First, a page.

Discussion in 'Visual Arts' started by MLutthans, Nov 10, 2015.
How does that retcon Obi-Wan’s death?
It appeared as if he died - or did he really?
He did really (well, apart from retaining the ability to return as a ghost). Nobody would find it ambiguous if they weren’t looking for a loophole to bring him back in Carrie’s place.
You know for sure?
I'll have to spot the timing when I see it again, but I seem to remember Han's dice disappearing from Kylo's hand after Luke dies on Ahch-to.
I know for sure that within the context of this film, the scene means he dies. The ending is meaningless otherwise. I do not know for sure that Disney and JJ Abrams won’t concoct some contrived way of bringing him back. Clearly some fans would be fine with that.
And both Rey and Leia sense that he’s gone.
I had read about the qui-gonn thing previously, and I've seen some of the Clone Wars series, but a lot of this stuff I'm just googling.
'why didn't qui-gonn disappear?' turns up a lot of pages. Evidently early on it was said he learned it after death and therefore could only appear as a voice, since his body did not disappear as Obi-Wan or Yoda.
But later there was an episode of the Clone Wars show that explains it - sometime when he was alive he had a mystical encounter with ancient force ghosts that taught him the technique, but he didn't learn it perfectly, so he can only physically appear in locations that are naturally strong in the force. Otherwise he's just a disembodied voice. (and maybe that's why his body didn't disappear when he died? )
That's if I'm keeping it straight, I may have left something out.
The prequels retconned his ability to manifest himself after his death - rather than 'I'll become more powerful than you can possibly imagine' - the explanation that it was a result of his communing with the spirit of his former master who was never mentioned in the OT.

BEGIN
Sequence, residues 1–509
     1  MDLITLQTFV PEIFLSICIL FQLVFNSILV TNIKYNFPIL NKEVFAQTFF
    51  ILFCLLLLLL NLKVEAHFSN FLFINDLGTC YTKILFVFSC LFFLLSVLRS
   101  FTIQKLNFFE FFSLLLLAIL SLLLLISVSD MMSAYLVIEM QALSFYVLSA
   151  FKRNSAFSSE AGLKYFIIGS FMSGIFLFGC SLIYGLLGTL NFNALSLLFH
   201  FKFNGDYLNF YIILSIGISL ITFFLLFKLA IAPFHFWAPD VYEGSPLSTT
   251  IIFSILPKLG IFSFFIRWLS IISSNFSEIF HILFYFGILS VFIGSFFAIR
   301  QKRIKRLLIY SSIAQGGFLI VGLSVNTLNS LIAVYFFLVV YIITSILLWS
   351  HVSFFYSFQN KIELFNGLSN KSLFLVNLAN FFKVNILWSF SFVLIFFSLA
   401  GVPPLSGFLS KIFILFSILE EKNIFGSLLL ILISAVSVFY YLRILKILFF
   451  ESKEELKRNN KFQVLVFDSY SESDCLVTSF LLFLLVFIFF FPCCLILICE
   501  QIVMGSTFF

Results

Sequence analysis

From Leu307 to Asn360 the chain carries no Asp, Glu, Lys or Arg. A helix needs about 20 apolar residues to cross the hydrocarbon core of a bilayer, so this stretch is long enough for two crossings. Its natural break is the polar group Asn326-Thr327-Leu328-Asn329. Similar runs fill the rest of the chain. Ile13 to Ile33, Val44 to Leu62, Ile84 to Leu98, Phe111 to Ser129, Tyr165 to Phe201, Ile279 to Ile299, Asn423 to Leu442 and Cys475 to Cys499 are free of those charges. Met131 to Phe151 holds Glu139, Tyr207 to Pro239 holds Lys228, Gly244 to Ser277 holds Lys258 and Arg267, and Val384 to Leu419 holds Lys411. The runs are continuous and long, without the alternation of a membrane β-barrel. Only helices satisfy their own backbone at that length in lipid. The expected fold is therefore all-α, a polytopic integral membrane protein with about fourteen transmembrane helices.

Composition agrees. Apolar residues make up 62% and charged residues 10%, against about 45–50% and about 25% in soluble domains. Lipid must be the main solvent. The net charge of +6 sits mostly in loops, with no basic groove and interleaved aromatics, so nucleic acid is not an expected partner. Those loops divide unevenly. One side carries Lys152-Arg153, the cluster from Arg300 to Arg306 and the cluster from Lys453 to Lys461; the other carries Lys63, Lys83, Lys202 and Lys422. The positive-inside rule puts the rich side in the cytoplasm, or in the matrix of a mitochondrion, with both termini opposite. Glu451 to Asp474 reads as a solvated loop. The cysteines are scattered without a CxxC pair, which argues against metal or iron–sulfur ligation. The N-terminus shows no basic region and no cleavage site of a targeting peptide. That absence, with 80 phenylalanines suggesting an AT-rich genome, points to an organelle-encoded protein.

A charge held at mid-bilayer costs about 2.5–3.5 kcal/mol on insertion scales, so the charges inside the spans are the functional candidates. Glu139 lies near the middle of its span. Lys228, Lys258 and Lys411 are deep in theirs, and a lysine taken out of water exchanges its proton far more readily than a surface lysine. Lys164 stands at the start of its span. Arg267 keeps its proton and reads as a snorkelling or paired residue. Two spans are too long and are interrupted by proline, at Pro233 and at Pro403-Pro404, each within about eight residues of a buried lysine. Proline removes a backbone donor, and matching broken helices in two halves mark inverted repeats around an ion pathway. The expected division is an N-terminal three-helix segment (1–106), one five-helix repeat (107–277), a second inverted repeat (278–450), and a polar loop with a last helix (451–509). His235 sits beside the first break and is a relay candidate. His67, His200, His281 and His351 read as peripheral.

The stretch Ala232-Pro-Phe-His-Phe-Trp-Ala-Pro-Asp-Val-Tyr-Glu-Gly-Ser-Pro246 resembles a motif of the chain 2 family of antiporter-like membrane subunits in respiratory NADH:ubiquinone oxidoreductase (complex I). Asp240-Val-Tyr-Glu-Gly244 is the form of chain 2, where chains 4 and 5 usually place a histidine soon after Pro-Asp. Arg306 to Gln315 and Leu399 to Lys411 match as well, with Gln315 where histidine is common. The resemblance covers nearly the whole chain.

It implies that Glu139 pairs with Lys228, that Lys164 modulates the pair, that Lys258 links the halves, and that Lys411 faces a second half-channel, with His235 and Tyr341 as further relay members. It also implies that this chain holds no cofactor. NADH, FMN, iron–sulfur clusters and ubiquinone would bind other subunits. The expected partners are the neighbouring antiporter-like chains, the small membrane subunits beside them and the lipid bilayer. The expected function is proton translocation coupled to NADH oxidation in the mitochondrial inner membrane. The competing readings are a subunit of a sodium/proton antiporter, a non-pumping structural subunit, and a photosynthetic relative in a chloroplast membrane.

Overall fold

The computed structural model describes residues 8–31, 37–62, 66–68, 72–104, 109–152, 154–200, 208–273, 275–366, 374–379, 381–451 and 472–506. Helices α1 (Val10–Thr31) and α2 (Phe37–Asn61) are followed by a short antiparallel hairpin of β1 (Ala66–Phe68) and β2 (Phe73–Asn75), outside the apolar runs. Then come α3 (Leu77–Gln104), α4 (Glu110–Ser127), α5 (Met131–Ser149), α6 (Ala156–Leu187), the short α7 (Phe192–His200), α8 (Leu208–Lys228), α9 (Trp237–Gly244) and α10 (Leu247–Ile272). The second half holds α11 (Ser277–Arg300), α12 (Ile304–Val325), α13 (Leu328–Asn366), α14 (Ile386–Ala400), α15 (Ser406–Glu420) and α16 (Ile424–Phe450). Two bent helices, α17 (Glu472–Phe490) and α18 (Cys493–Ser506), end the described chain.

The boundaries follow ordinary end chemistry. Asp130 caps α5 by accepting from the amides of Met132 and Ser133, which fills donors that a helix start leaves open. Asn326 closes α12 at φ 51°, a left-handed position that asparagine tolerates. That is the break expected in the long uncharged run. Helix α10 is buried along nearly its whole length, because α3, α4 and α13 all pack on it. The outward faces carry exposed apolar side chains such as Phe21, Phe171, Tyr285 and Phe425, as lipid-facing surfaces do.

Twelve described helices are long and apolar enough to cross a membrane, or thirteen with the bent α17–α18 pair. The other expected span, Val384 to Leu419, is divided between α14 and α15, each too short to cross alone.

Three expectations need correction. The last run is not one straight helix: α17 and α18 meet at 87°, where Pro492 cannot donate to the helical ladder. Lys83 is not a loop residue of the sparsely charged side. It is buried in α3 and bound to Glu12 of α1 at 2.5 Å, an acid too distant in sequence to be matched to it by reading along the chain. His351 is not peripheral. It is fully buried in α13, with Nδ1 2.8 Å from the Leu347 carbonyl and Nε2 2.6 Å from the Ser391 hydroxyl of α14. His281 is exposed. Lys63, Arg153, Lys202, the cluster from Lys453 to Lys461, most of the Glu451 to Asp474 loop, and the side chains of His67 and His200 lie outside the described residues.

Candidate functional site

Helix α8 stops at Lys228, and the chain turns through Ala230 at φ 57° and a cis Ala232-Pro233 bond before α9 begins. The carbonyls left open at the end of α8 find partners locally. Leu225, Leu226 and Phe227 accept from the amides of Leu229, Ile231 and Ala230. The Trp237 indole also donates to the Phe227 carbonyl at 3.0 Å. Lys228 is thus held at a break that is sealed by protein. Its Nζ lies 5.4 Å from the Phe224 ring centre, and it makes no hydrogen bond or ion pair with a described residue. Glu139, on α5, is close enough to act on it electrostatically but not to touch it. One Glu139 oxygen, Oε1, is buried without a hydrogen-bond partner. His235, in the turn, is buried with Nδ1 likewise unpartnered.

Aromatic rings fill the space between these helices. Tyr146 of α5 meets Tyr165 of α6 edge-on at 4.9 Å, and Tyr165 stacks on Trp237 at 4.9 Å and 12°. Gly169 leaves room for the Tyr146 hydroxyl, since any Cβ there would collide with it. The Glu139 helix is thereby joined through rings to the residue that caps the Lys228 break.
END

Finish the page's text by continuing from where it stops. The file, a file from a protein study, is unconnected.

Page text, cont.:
The actual disappearing thing is not explained. (except kinda as above.)
To bad that genius was executed so poorly by the way of everything that was crappy about the prequels.
I saw the film a second time and like many people I was more forgiving the second time around but I still found the Finn subplot rather silly and pointless. The horseys and the casino slapstick took me right back to the prequels, in terms of cheese. And yeah....the ForceChat© stuff was kinda ikcy, but the "Twlight" fans will gobble it up. I get it. Sell dollies and romance novels. 50 Shades of Jakku Garb.
Anyway, overall I accept the film for what it is. I hate seeing favorite characters from the old films die, but such is life, I guess. But I do still wonder why some elements of the previous film (Kylo helmet, Knights of Ren, Grandpappy Vader worship) got thrown away.
The prequels explain that Qui-Gon Jinn taught Yoda and Obi-Wan to do it... I don't see how that contradicts the original movie, just because he doesn't mention it (he wasn't going to say "And now I will disappear and become a ghost using the techniques my master Qui-Gon Jinn taught me")
One piece of trivia that is confirmed by the director in an interview to a French film magazine.
When Luke stop projecting himself on Crait, he's shown to be back on Acht-To.
Acht-To is a planet with one sun, as it was shown repeatedly during the first half of the film.
Yet, at one moment, there's a shot of the skyline with a second sun. Apparently, if you watch closely, first, there's this shot with one sun and a small black spot.